The iphone: the next big thing in mobile marketing?

Right now, most advertising agencies that I speak to about mobile marketing have one interest: iphone apps. So is it the way forward for mobile marketing?

On the plus side, a well produced app can engage people and become a good piece of viral marketing. Last year’s big success was the ipint. The concept was simple (and borrowed from someone else), which as that your iphone became a pint of beer that you could ‘virtually’ drink. It was the kind of thing that everyone showed to their mates in the pub. So not only did the iphone owners get to play with it, but half a dozen of their friends also saw it.

The level of app downloads from the Apple appstore speaks for itself. And on the back of that many brands such as Nike to the BBC have produced some good apps for the phone.

But how much business does it generate? Is it really something that enhances a brand?

A few interesting facts about the iphone suggest that there is little to gain in marketing terms from creating an app.

In the UK there are around 1.5 million iphones. Quite a few, but there are double the number of Blackberry’s out there. And when you look at other manufacturers like Nokia, the iphone can be described as little more than niche.

An advertiser would say that the iphone represents and important group of opinion formers. That is true to some extent, but most of these are over 24 years old. After all the iphone is not cheap and is best used on a subscription.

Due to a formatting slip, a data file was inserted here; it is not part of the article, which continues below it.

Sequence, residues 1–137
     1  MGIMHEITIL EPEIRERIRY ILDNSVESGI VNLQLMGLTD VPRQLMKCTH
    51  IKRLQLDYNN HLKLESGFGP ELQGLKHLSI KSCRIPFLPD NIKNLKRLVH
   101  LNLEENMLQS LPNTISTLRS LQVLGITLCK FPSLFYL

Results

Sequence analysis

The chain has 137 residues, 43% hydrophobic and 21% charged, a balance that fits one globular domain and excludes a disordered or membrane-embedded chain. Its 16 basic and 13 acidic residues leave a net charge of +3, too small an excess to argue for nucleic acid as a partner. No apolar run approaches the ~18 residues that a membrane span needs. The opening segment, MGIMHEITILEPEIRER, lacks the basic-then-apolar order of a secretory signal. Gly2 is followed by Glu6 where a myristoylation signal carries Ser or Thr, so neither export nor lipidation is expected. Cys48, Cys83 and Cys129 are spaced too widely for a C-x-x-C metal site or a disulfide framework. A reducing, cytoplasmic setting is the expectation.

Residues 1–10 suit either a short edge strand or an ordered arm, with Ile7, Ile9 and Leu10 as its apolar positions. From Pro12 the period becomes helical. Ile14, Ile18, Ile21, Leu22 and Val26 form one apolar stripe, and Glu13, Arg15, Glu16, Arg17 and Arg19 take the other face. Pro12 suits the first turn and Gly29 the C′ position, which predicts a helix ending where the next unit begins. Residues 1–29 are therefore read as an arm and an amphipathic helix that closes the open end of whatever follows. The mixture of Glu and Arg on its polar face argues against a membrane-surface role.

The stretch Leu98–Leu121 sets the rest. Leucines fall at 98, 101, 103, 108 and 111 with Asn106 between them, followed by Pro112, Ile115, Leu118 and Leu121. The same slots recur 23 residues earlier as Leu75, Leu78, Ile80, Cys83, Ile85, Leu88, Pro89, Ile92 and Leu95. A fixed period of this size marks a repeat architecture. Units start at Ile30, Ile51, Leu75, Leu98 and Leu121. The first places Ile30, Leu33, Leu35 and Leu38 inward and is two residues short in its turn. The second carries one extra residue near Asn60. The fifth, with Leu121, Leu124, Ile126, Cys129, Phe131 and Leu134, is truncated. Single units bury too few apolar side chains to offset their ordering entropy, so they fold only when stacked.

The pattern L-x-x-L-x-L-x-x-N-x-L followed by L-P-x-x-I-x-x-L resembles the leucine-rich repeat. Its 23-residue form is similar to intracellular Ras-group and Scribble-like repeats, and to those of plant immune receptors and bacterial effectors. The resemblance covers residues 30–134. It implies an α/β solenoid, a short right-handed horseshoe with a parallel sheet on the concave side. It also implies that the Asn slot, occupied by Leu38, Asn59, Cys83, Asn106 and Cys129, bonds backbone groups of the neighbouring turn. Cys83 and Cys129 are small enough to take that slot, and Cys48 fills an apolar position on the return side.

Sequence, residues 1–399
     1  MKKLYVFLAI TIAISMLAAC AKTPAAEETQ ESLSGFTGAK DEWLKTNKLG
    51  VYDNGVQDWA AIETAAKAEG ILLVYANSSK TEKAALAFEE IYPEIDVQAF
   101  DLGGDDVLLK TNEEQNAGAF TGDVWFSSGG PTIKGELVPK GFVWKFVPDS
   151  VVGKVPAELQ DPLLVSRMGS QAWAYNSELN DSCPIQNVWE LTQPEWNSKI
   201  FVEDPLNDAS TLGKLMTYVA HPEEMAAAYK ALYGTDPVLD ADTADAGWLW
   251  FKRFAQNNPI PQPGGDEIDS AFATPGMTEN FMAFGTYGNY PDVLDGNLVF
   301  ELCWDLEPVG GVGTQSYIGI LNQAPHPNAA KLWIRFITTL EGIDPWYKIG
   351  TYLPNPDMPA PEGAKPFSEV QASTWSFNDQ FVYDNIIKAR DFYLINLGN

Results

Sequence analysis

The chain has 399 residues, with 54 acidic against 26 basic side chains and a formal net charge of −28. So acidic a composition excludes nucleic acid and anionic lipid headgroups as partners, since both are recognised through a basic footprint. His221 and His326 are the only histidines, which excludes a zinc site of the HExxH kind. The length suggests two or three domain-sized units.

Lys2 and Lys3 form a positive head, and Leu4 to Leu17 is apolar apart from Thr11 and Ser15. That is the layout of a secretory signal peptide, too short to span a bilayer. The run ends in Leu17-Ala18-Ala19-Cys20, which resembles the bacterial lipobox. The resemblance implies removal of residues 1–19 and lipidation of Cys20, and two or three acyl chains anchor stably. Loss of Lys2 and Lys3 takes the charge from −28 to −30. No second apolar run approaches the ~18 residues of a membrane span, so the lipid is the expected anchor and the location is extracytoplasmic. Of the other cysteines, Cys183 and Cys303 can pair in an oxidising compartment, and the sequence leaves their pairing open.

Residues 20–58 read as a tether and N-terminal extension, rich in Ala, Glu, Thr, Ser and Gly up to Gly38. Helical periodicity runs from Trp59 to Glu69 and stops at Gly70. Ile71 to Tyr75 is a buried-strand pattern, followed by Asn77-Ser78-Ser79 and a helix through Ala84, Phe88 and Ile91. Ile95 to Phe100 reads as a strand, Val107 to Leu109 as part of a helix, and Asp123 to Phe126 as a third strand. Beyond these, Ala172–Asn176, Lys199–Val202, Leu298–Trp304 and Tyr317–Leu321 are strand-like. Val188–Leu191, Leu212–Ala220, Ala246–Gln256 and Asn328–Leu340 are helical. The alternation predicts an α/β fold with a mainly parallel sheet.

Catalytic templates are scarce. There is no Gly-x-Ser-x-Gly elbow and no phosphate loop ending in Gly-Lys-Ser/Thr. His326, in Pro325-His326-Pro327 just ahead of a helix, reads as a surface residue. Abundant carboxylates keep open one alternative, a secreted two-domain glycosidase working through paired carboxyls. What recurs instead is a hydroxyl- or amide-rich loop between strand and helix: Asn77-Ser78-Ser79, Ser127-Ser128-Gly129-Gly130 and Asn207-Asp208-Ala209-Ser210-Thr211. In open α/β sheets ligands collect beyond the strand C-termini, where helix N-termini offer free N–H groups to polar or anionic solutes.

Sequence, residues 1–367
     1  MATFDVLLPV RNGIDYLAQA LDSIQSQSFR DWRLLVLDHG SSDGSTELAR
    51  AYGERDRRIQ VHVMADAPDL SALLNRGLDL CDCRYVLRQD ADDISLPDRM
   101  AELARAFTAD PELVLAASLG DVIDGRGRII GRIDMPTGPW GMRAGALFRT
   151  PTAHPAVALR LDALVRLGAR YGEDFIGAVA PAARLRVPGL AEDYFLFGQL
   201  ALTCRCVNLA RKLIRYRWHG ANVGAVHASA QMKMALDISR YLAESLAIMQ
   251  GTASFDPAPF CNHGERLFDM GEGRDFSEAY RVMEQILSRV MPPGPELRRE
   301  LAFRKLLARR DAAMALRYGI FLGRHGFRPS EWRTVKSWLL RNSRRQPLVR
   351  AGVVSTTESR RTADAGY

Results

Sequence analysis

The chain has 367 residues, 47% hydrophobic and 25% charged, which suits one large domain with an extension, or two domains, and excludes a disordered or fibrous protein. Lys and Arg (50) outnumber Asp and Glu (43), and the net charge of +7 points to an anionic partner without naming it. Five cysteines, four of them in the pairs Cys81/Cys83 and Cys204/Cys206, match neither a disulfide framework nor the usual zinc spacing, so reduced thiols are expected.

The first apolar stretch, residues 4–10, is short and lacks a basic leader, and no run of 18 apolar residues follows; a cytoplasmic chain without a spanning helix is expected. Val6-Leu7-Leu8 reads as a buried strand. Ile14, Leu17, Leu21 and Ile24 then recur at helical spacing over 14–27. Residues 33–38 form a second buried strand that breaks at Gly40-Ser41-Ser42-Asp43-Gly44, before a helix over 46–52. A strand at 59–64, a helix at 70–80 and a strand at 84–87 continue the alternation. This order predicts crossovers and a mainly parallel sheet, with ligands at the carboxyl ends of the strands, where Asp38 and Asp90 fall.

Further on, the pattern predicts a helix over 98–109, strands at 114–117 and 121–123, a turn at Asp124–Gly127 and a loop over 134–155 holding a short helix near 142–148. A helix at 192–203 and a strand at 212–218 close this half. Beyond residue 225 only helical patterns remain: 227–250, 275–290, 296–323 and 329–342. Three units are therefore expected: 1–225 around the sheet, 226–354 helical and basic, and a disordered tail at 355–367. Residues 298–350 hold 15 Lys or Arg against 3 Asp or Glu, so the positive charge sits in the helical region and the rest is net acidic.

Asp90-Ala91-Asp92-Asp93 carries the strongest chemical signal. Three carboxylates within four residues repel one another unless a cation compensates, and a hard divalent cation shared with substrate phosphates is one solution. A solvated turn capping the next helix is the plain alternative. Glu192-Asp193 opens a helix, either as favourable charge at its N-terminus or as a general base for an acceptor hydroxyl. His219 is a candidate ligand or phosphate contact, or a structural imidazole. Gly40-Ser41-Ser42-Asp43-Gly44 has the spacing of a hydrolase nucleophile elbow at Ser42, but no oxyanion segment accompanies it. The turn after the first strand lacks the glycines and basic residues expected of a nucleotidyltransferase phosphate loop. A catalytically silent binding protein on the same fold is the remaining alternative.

More significantly figures from Comscore regarding iphone app usage revealed that 90% were used only one or never at all.

The other revealing figure from Comscore is that in Europe, over 70% of users are men. It would be a mistake for a women’s brand, such as a cosmetics company, to focus only on iphone apps, not to mention all those other products and services such as holidays or insurance where women often make decisions for a household.

So, the iphone app offers some fun branding opportunities, but as a long terms serious marketing medium I think its potential is limited.

Feeling the SMS strain?

Writing in 160 characters, Alan Pascoe suggests that the networks will have trouble coping with the continued rise of SMS.

The problem is that whilst SMS has steadily increased (38% per year in the UK for example), the margins have decreased due to bundles and flat rate tariffs. He suggests that major investment in an SMS network is needed for the mobile networks to cope.

From a mobile marketing point of view, it is also significant. Not only have peer to peer text messages increased, but business SMS and mobile marketing are also on the rise. Even in the current economic climate, the opportunities for cost savings or increased customer retention are attracting many businesses to the channel.

The full article is here: